From there, follow the painting tips from above, taping around windows or hardware if needed. Applying a primer, allowing it to dry, and then two coats of oil-based exterior paint. Latex exterior paint can be used but is more prone to bubbling.
When it comes to preparing a steel door for painting, you’ll have to deal with removing rust as well as paint. Use a wire brush to remove as much of the rust as you can, then heavier grit sandpaper to remove any remnants. Rinse the door, making sure to remove any oils that may be present.
Priming is a little more difficult because an extra step is needed with metal. First, you’ll want to apply a layer of zinc-chromate primer to prevent rust from forming in the future. Once applied, immediately apply an oil-based metal primer. Zinc-chromate acts as an adhesive for the primer and bonds to form a strong layer of protection against rust.
Once two coats of primer have been applied and dried, acrylic paint is the best for metal. Make sure the first coat of paint – it can take up to 12 hours – is completely dry before applying the second coat.
Aluminum is similar to steel when it comes to the prep work, scraping old paint or rust off then sanding any remaining spots that need it. Rinsing the surface with water and a degreaser and let it air dry completely. Use a self-etching primer to prime the aluminum following the directions. Once dry, another light sanding will help the paint adhere to the primer.
Then use exterior acrylic paint for two coats, making sure the first coat is completely dry before applying the second. Adding two coats of enamel sealer will protect the door that much more.
When painting fiberglass, the weather can play a major factor. Ideal temperatures for painting fiberglass are between 65-90 degrees Fahrenheit. The humidity levels should be below 60 percent. If it’s too humid, cold, or hot, the paint won’t dry or adhere as well as it should.
Prepare the surface like you would any other material by wiping away excess dirt and debris. Finally, sand the surface down with sandpaper, starting out rough and ending with 400-grit sandpaper. The surface should be smooth and dull. Wipe all dust away.
Use a polyurethane or epoxy paint for fiberglass – that’s right, no primer is necessary! Just be sure to follow all instructions, especially the epoxy paint as it needs a catalyst for optimum use. If you are using spray paint, however, a primer will be needed. Then apply primer and paint in coats, letting each dry before each application.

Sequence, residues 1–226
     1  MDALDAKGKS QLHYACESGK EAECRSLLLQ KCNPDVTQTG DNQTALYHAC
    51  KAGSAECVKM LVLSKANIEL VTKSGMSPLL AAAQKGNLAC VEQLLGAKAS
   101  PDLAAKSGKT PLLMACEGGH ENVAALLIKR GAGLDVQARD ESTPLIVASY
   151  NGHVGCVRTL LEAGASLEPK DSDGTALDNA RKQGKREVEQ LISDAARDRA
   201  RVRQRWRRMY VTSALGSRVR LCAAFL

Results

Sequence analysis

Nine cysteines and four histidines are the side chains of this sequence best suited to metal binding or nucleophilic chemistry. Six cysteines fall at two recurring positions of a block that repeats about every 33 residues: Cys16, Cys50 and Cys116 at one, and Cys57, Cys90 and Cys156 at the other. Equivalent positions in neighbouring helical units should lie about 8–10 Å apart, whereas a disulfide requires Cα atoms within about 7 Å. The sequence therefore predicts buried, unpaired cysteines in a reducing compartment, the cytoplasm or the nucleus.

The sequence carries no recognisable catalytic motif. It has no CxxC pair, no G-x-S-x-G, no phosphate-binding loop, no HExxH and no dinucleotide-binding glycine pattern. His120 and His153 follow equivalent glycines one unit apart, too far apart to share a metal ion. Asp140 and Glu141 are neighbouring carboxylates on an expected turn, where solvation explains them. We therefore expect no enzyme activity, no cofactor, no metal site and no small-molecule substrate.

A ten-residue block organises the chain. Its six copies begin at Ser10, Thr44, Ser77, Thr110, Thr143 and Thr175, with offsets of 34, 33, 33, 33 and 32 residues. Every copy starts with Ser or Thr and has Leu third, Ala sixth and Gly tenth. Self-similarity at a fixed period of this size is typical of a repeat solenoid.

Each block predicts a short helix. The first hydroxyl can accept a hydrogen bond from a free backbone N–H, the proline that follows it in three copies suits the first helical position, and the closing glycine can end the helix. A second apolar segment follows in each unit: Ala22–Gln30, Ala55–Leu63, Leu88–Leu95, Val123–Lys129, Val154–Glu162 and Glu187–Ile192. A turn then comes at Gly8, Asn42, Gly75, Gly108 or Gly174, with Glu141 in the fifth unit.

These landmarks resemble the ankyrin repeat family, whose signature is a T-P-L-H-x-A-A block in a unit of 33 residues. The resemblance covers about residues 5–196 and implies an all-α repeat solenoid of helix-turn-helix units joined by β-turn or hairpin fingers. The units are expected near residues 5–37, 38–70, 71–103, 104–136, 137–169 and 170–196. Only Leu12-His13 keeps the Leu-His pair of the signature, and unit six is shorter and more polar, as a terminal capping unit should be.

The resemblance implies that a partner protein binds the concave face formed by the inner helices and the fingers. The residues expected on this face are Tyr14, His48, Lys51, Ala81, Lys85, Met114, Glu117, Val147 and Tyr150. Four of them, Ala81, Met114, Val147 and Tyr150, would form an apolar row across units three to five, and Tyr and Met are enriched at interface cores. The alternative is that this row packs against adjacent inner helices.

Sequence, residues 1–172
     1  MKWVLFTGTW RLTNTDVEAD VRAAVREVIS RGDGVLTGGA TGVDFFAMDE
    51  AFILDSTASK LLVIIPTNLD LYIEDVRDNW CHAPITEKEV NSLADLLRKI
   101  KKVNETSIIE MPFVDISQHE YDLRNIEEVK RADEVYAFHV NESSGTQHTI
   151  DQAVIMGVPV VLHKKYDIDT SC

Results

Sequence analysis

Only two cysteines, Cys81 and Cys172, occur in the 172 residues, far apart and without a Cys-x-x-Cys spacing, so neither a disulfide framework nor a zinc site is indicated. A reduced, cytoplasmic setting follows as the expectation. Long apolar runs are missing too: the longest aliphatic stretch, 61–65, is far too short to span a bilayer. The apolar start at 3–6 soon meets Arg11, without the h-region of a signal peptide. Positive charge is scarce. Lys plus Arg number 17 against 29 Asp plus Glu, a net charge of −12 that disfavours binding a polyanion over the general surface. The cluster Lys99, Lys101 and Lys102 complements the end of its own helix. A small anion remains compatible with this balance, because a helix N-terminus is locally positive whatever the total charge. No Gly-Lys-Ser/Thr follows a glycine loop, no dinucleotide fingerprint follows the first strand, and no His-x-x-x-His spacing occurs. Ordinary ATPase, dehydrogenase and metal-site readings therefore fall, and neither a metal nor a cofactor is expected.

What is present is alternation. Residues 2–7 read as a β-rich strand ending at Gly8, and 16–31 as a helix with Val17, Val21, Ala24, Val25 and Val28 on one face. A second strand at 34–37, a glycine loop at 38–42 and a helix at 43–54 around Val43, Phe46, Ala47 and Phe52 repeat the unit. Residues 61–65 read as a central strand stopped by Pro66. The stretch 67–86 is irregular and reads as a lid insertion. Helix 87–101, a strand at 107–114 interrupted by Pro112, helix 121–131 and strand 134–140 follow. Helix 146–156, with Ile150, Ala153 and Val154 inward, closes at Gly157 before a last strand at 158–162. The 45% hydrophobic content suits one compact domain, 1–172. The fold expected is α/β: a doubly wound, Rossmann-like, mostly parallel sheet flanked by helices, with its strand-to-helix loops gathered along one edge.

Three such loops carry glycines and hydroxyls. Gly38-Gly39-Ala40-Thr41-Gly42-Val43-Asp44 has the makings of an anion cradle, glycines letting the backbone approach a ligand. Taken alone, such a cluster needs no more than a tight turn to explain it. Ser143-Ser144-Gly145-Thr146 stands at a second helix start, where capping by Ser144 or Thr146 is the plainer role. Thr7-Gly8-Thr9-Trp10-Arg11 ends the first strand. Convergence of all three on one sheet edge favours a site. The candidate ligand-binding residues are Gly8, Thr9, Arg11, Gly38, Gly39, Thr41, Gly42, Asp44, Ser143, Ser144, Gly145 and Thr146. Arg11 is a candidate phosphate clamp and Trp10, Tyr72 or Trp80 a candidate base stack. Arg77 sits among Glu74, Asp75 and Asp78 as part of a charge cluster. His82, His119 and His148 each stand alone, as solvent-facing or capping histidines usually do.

Apply a top coat if desired, but it is not necessary. Just make sure all of your primer, paint, and topcoat are the same – use oil-based paint with an oil-based primer. Allow for an appropriate amount of dry time.
Like the other surfaces, wash away all grime, dirt, and debris from the door. If the door has a wood-grain appearance, you’ll want to use a scrub brush to reach all the crevices. You won’t need to scrap or sand anything, just make sure the door is clean and dry before primer and paint.
From there, it’s pretty straightforward. Just make sure to use primer and paint specifically designed for vinyl. Water-based 100 percent acrylic or urethane-modified acrylic paint is the best.
How to Paint a Concrete Garage Floor
Why stop at the garage door? Painting the floor of your garage can improve the look and even improve safety. Bare concrete releases dust as it wears out. Paint seals the surface of the concrete. A painted floor keeps the garage, and everything in it, cleaner.
When dust settles on garage door electronic eyes and in the tracks, it causes trouble. Dirty tracks can bog down the movement of the door. Dust-covered safety eyes keep the automatic door opener from working. Keeping the components of your garage door clean and maintained helps avoid the need for garage door repairs.
It’s also a relatively easy and inexpensive project. A smooth coat of color makes the garage look great. Concrete paint comes in both latex and epoxy formulas. One-part epoxy paint is a good choice because it resists mold, mildew and stains. Epoxy-based paint tends to last longer than latex paint because it makes a strong bond with the floor.
Prepare to Be Floored
The right preparation makes the difference between a job that wows and one that falls flat. Get the floor in shape before you lay down the first coat of paint by doing the following:
- Clean: Wipe up oil spills. Remove loose debris by sweeping or vacuuming. If dirts remains, work on it with a pressure washer. After cleaning, allow the floor to dry.
- Repair: Fix small holes and cracks with a patch product designed for concrete.
- Texturize: A smooth floor won’t hold paint as well as one that has texture. An etching product will add roughness to concrete. Products are available that both clean and etch concrete.
- Primer: Some paint labels recommend applying a concrete primer to help with bonding.
Apply the Paint
Concrete usually requires two coats for an even coverage. After the first coat dries for several hours, assess if a second coat is needed. In general, paint a concrete garage floor when the surface temperature of the floor is between 50-90 degrees Fahrenheit. Follow the instructions that come with your paint.
Here’s how to proceed:
- Apply the first coat. Paint the edges of the floor using a nylon bristle brush. Use a roller to apply a thin, even layer of paint. Work in one direction using long strokes.
- Apply the second coat. Allow the first coat to dry for at least four hours or as specified on the label. Apply the second coat in a crosswise direction from the first coat.
- Allow the paint to cure. The paint will feel dry within a few hours, but it won’t be ready for foot traffic for a day or two. Wait at least 24 hours before walking on the paint. A full week of curing may be required before it’s safe to park your car in the garage.
If your garage door needs more than a facelift, contact Ponderosa today for a repair or replacement! Ponderosa Garage Doors installs beautiful, functional doors. If you’re remodeling your garage, don’t stop at the floor. Consider upgrading to a new garage door. Contact us for an estimate.